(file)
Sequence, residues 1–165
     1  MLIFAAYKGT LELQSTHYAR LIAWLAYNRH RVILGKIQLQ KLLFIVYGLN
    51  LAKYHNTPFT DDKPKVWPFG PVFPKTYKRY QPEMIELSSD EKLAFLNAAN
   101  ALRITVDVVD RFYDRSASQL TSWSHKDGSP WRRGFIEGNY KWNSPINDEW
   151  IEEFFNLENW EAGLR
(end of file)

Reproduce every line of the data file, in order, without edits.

Sequence, residues 1–165
     1  MLIFAAYKGT LELQSTHYAR LIAWLAYNRH RVILGKIQLQ KLLFIVYGLN
    51  LAKYHNTPFT DDKPKVWPFG PVFPKTYKRY QPEMIELSSD EKLAFLNAAN
   101  ALRITVDVVD RFYDRSASQL TSWSHKDGSP WRRGFIEGNY KWNSPINDEW
   151  IEEFFNLENW EAGLR